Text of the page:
While you can be almost sure to face a shitstorm in most of current Europe, no matter how good the architecture is. Heck, modernists even dared to mock the grand Dresden Frauenkirche reconstruction.

But it's starting to change as we speak, with a new generation of environment and tradition conscious architects, who put the ideology of their academic education in question. Europe needs classical architecture courses too, like these. It's what essentially makes our cities!
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Old April 8th, 2014, 07:37 PM   #3114
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Family Mr. and Mrs. Middle Huyen - Hai Phong, Vietnam (U/C)













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Old April 9th, 2014, 04:48 AM   #3115
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Newly Built Villa Jasmine - Sainte-Maxime, Cote D'Azur, France






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http://www.akvillas.com/luxury-villa...la-jasmine.cfm
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Old April 9th, 2014, 04:51 AM   #3116
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Newly Built Villa Amelie - La Croix-Valmer, Cote D'Azur, France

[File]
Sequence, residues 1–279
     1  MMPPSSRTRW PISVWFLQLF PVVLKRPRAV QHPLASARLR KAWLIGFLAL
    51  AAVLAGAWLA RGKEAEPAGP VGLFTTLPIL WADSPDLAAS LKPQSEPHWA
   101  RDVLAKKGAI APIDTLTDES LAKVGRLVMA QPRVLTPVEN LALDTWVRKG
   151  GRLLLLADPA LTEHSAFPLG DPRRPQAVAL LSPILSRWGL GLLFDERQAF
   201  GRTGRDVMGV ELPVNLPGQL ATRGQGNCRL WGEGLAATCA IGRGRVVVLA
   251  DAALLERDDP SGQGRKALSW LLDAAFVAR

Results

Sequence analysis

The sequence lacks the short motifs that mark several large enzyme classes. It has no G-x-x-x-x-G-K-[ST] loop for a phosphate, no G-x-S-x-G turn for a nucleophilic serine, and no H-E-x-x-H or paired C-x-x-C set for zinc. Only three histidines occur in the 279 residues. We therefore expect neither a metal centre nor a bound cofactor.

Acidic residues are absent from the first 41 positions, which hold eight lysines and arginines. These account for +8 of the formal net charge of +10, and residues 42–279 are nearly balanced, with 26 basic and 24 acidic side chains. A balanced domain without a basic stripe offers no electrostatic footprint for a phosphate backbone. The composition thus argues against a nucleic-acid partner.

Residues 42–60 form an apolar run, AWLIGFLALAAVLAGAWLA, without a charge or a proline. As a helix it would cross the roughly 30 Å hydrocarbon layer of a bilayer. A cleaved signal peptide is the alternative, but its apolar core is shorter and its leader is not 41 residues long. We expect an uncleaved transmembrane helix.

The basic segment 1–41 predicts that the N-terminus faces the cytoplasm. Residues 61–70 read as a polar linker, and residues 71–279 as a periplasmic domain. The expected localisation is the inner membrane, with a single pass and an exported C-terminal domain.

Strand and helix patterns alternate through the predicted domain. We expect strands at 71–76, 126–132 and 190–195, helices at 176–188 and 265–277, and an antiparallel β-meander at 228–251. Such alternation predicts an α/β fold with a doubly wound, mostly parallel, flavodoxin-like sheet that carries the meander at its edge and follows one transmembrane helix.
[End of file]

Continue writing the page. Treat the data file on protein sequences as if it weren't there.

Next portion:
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Old April 9th, 2014, 03:04 PM   #3117
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Agree with this - we need to stop levelling and uglyfying our cities
with bland uniform globalist-modernist architecture, that looks the same everywhere:
Quote:
Originally Posted by Stravinsky View Post
Most of the world's cities are not protecting anything. In fact, most of the world is going to look pretty much the same within some decades:

India, Asia:
[IMG]http://i59.************/642v4y.jpg[/IMG]

China, Asia:
[IMG]http://i62.************/29ftegz.jpg[/IMG]

Brazil, South America:
[IMG]http://i58.************/122itue.jpg[/IMG]

Canada, North America:
[IMG]http://i60.************/bf14qs.jpg[/IMG]

Kenya, Africa:
[IMG]http://i60.************/2iruhe8.jpg[/IMG]

Australia, Oceania:
[IMG]http://i61.************/2mzcvno.jpg[/IMG]

UK, Europe:
[IMG]http://i59.************/2eq56xe.jpg[/IMG]


Hell to modernism. I'll go for this all the time:

[IMG]http://i57.************/wk1u1w.jpg[/IMG]

[IMG]http://i61.************/119191y.jpg[/IMG]

[IMG]http://i57.************/2zszfvl.jpg[/IMG]

[IMG]http://i58.************/2wc37u1.jpg[/IMG]
Think about it:



It's not about praising traditional architecture, it is about living and continuing it for our own well-being.
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Old April 9th, 2014, 05:06 PM   #3118
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Gia Vien - Ninh Binh, Vietnam (Under Construction)



















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http://kientrucac.com.vn/ac-page/Thi...Ninh-Binh.aspx
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Old April 9th, 2014, 06:23 PM   #3119
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Wow, these are really strange again... Pretty disneyesque.
So what's going on there in Vietnam, what is this all about?
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Old April 9th, 2014, 06:52 PM   #3120